Albert Pujols hitting a home run

Image via Wikipedia

Just when Erik says we have been quiet about the Albert Pujols situation, we will have two posts within just a few days.  With word coming out that the Cardinals were reluctant (maybe even adamant) about not going more than 6 years on a deal with Albert, now is a good time to look at how he may age over the life of any deal.  For this particular exercise I’m going to borrow a methodology that Tango has employed previously and look at historical comparisons based on accumulated WAR.  I built my first list of comps by looking at who had the best WAR/season up through their age 30 season (where Albert sits now) and included anyone with 2 WAR/season of Albert (22 players).  I then looked at how that list of players performed in their age 32-38 seasons (a 7 year deal), 32-39 seasons and so on.  The results are summarized in the table below.  Totals are cumulative rWAR

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32_38 32_39 32_40 32_41
Max 70.0 78.2 78.6 83.2
75th 44.9 49.3 50.5 50.5
50th 36.9 39.0 40.4 40.1
AVG 37.4 39.6 40.7 41.6
25th 26.2 26.8 26.8 26.9
Min 14.5 14.5 14.5 14.5

It does appear that those stop accumulating at a decent pace around years 7 or 8. I haven’t run the financials on any of these WAR totals yet other than a select few, so can’t report what these necessarily equate to in terms of deals. That’s a post for another day, or maybe for another author if anyone wants to take a crack at it.

I also built a list of comps based on how players had fared only in their ages 28,29, and 30 season.  Using a list of players that were within 1.5 WAR/season of Pujols either direction (24 players) I came up with the following table

32_38 32_39 32_40 32_41
Max 70 78.2 78.6 83.2
75th 44.3 49.1 50.3 50.3
50th 31.5 33.9 35.4 35.4
AVG 34.6 36.9 37.8 38.7
25th 20.4 20.9 20.9 20.9
Min 8.1 7.7 7 7

Not too different. This is a little lower as the level of greatness was higher to be in the first group.

What does all this mean for the Cardinals and Pujols?  Well, I’m not exactly sure.  I’d have to run the financials on all of these WAR calculations to get a firmer idea here.  Most of the numbers show that 10/300 is a bad idea, but we already knew that (Pujols would have to be at the 75th percentile or better to be worth that deal).  The data does support that anything beyond an 8 year deal doesn’t look like a good idea.  6 or 7 would probably be best, with 8 as the upper limit.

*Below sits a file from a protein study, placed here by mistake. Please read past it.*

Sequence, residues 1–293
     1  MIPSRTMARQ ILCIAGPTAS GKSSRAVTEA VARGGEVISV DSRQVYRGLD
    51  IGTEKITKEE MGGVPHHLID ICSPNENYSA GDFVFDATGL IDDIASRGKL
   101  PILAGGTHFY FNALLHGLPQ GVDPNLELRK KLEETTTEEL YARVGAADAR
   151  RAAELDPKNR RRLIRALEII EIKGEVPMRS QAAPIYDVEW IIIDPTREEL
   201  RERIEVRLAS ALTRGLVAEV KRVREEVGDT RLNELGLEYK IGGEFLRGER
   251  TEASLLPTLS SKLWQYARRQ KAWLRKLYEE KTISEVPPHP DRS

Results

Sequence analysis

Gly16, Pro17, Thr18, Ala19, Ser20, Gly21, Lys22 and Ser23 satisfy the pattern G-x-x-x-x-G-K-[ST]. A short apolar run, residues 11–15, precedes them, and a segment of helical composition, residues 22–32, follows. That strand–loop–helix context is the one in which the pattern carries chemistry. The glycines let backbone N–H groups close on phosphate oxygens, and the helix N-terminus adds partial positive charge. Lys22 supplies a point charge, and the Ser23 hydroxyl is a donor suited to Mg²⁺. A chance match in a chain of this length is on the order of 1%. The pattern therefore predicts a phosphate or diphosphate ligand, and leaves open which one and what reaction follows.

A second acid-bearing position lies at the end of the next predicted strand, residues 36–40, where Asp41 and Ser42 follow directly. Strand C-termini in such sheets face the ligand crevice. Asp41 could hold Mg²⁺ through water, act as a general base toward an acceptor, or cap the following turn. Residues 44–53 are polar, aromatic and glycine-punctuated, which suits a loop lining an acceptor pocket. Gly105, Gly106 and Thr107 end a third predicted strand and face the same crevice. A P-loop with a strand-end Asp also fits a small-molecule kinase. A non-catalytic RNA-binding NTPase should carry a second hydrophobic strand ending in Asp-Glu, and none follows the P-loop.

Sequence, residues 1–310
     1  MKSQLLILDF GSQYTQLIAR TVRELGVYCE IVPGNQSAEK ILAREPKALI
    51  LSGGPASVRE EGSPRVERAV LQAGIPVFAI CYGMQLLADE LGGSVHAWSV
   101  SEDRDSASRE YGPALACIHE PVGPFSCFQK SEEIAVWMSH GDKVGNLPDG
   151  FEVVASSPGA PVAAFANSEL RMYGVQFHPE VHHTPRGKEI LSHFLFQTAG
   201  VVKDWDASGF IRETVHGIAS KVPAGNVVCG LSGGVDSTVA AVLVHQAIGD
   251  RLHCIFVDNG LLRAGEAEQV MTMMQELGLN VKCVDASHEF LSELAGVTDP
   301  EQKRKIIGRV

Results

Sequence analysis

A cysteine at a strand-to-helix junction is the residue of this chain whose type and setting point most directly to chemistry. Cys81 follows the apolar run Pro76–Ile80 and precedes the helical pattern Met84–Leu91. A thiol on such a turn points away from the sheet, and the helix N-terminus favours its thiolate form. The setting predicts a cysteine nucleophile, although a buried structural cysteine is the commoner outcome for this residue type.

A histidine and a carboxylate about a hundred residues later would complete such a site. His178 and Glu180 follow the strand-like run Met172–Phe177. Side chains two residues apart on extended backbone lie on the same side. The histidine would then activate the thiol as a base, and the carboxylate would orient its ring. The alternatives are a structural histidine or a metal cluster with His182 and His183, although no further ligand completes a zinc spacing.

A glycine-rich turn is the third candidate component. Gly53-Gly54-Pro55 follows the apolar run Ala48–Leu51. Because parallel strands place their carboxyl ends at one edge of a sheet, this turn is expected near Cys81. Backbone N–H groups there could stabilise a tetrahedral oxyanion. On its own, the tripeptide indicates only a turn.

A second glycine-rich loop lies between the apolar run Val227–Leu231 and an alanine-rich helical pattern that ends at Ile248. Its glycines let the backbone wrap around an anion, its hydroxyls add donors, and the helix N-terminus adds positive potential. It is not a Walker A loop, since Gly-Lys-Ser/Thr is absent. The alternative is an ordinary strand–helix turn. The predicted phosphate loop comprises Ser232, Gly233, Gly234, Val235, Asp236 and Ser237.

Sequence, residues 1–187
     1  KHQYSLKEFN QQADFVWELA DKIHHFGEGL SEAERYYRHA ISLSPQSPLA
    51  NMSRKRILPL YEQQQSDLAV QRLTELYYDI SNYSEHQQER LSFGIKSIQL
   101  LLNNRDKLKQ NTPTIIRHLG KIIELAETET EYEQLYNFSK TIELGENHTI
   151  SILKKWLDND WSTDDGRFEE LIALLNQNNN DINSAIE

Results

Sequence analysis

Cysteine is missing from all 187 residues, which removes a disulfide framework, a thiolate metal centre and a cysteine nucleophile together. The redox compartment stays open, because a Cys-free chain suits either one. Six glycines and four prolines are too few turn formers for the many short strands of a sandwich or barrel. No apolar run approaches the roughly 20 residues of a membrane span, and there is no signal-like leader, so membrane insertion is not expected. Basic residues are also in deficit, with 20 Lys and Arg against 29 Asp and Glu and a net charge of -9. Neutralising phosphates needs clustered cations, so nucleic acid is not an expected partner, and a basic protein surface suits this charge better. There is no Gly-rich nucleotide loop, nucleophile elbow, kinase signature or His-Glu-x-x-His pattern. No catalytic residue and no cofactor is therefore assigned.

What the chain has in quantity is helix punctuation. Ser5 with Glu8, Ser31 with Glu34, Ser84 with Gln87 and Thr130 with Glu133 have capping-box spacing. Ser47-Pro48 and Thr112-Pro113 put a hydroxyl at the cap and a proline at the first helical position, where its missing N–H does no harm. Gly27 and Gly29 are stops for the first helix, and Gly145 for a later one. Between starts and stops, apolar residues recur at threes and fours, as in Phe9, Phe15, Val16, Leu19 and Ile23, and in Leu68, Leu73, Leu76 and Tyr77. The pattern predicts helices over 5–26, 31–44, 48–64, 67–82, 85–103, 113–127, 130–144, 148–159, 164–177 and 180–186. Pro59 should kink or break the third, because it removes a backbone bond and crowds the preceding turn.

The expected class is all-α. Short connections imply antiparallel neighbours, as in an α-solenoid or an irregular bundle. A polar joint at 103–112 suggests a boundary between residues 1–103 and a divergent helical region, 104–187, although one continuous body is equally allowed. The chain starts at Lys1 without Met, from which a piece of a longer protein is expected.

All of the WAR data in the article is from http://www.baseball-reference.com/

UPDATE:  Tango using my calcs

By my calculation (weighted $ per WAR of around 6MM$ per win), this comes out to:
7 years / 225MM$
8 years / 240MM$
9 years / 250MM$
10 years / 260MM$

So there you have it

Steve Sommer

Simulation analyst by day, father and baseball nerd by night

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7 Responses to “Albert, Aging, and History”

  1. Here’s what Wall Street Journal had to say:

    Using a standard aging curve, Mr. Pujols is expected to produce about 48 WAR over the next 10 years, and estimating future salary inflation at 5% a year, those wins would be worth $286 million.

    That would put him just under your 75th percentile for 10 years. I’m sure they kept it pretty simple, but it is interesting none the less.

    • Which makes sense since AP is probably generally better than the populations used as comparisons as Jim points out.

  2. The talent/accomplishments curve is not symmetrical around Pujols’ level, so there would be more players who are similar but worse than who are similar but better, so it may be the case that the expectation for Pujols is closer to the 75th percentile than the 50th percentile.

  3. [...] an expected AAV between $26-30 million. Today at Gas House Graphs, Steve posted an article entitled Albert, Aging, and History in which he included players similar to Pujols in Wins Above Replacement (refer to FanGraphs’ [...]

  4. [...] years, $267 million Tango gets $225 million over 7 years and up to $265 million over 10 years. Steve Sommer shows you can probably expect about 40 WAR from Pujols over 10 years, but 8 years is probably the [...]

  5. [...] about what Albert Pujols’ value will be over the next 7-10 years, I suggest you go here…Or here…Or here…Or take a look at the discussion here. Haven’t had enough? Read [...]

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